This online document is a means of sharing the adventure of traveling on America's waterways with friends and family. Last Dance is continuing to take her crew to historical, natural, beautiful, and interesting places. Enjoy the ride.

Monday, August 15, 2016

Georgian Bay - Three DeFevers - Hopewell Bay

Shawanga Island is a large island offshore from Pointe au Baril.  Most of it is First Nation land, land Canada deeded to the indigenous peoples.  It is surrounded by many other islands, creating numerous coves and bays providing good protection, accessible shorelines, and good fishing.  As the Last Dance crew was looking at possible anchorages, a view into Hopewell Bay gave a glimpse of boats that look familiar.  They were - two DeFever 34 Passagemakers were at anchor, Haligan (Harold and Angie Lowndes, Parry Sound, Ontario, Canada) and Rhonda Jean (Tim and Rhonda Peterson, Vero Beach, FL).  Most trawlers have been built in Taiwan or China.  These three boats were all built in the United States, in California, in the same yard, within a two year period, over 40 years ago.  Quite a coincidence that the only three boats in the harbor were not only all DeFevers, but part of a rare group of boats built in the states.

In 1974, Jensen Marine, who also built sailboats, moved from wood construction to fiberglass.  The industry at the time did not understand the strength of fiberglass construction in larger boats, so they built the fiberglass hulls as thick as the wooden constructed boats, resulting in extremely stout hull structures.  They built two designs, the aft cabin 40 (two staterooms, one being aft and one in the bow, Last Dance being an example) and the 34 (a sedan style, one stateroom forward and a large walkout aft deck).  Both designs were called Passagemakers to describe their design intent of being able to make long passages in open waters.  The 34 Passagemaker here is Rhonda Jean.  Thank you Art DeFever for designing such capable and attractive boats.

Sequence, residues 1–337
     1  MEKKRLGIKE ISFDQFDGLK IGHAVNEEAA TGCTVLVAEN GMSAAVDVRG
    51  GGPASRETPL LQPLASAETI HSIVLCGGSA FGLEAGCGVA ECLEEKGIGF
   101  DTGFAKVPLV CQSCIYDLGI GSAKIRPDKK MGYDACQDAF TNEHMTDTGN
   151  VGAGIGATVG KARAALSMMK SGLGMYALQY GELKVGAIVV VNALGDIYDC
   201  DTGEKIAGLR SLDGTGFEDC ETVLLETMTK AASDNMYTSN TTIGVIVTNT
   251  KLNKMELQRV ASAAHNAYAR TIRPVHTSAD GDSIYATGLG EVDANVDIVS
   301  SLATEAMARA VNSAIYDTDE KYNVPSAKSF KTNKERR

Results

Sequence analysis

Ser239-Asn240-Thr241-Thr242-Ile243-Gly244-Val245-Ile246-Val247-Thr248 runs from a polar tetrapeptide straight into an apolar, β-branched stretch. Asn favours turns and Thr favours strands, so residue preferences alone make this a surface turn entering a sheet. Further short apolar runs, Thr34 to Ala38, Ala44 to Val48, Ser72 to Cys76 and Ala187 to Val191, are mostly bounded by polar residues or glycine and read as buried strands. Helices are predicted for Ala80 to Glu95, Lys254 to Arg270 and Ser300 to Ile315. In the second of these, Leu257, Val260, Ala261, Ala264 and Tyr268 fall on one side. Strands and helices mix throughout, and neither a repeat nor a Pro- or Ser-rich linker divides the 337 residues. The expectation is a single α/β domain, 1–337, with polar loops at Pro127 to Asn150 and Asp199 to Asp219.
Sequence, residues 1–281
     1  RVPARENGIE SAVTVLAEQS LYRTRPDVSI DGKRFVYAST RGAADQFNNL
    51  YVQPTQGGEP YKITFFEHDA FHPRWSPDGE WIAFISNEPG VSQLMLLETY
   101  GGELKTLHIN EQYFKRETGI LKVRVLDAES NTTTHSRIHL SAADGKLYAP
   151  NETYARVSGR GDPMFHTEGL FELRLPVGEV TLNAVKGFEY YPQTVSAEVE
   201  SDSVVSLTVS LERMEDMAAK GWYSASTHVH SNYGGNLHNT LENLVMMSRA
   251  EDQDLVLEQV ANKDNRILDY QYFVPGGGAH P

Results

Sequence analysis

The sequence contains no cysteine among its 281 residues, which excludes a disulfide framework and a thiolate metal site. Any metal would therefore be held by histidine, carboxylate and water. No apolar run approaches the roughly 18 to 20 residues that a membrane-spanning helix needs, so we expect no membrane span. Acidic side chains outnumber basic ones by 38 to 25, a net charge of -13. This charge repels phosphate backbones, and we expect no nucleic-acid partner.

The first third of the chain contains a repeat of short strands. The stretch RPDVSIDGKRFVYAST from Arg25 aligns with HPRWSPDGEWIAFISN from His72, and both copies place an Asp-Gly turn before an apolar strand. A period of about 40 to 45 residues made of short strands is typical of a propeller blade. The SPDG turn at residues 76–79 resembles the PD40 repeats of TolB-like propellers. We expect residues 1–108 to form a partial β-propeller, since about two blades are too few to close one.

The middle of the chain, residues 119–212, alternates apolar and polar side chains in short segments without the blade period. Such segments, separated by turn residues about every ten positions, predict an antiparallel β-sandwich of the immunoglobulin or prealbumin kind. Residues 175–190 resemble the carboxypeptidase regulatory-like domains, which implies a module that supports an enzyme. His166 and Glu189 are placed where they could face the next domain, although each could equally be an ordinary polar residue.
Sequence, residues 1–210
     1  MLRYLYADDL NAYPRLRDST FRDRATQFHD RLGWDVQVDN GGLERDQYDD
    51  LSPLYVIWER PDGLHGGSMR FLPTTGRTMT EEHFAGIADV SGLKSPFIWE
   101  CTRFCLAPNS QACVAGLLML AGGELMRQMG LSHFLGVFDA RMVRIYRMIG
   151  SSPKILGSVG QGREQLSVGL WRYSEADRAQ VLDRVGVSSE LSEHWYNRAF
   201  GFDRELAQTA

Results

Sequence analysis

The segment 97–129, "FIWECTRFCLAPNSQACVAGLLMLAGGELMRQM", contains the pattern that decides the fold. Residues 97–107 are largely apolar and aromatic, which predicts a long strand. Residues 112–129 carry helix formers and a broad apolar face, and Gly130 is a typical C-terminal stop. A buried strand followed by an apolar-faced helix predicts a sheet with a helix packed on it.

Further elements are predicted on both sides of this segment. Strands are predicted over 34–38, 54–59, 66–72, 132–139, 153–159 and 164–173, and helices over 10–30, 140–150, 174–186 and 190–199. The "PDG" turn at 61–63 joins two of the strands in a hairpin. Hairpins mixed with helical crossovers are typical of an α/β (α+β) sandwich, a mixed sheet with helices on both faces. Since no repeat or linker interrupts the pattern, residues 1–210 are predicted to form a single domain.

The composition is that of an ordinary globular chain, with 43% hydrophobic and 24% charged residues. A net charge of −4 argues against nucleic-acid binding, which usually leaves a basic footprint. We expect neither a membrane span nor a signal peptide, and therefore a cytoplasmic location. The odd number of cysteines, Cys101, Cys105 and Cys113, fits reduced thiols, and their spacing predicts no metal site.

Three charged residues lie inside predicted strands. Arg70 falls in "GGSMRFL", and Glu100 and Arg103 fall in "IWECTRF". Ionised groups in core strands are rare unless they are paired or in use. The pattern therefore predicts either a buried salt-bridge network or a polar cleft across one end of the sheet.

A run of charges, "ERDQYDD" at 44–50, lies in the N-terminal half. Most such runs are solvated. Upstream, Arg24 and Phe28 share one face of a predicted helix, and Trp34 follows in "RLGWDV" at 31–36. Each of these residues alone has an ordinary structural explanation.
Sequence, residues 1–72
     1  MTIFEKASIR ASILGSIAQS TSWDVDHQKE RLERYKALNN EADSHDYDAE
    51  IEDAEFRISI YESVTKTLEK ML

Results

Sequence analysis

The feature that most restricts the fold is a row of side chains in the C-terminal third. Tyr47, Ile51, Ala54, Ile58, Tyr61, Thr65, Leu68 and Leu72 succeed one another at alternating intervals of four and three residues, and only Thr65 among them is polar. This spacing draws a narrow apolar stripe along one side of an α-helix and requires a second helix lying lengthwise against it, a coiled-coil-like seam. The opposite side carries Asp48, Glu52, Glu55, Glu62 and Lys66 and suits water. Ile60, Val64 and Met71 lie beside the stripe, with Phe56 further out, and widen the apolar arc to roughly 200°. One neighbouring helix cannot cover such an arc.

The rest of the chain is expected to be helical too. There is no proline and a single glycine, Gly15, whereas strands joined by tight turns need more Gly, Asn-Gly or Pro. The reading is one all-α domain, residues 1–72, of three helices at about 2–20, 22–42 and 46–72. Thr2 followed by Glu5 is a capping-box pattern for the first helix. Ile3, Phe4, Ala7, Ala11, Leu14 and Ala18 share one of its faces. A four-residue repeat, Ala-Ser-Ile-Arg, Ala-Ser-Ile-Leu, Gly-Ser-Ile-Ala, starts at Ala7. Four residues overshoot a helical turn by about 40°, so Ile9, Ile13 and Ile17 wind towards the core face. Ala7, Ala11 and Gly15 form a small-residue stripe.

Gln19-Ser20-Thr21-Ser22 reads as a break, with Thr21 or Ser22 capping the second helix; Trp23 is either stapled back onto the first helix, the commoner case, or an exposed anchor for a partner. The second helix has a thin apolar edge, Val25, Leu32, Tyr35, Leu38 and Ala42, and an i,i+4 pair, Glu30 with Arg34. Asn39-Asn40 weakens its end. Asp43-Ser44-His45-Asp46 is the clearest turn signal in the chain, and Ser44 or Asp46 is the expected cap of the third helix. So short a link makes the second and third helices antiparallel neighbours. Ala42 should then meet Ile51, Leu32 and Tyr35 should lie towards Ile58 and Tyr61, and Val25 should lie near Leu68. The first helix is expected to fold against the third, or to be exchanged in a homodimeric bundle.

Anytime two or more DeFevers get together, a Rendezvous develops.  Good times were shared visiting boats, examining modifications and upgrades, sharing munchies and beverages on shoreside
rocks, and telling stories of places visited. This image suffers in intensity from the gray, sunless day, but has some interesting composition with the Inukshuk in the foreground.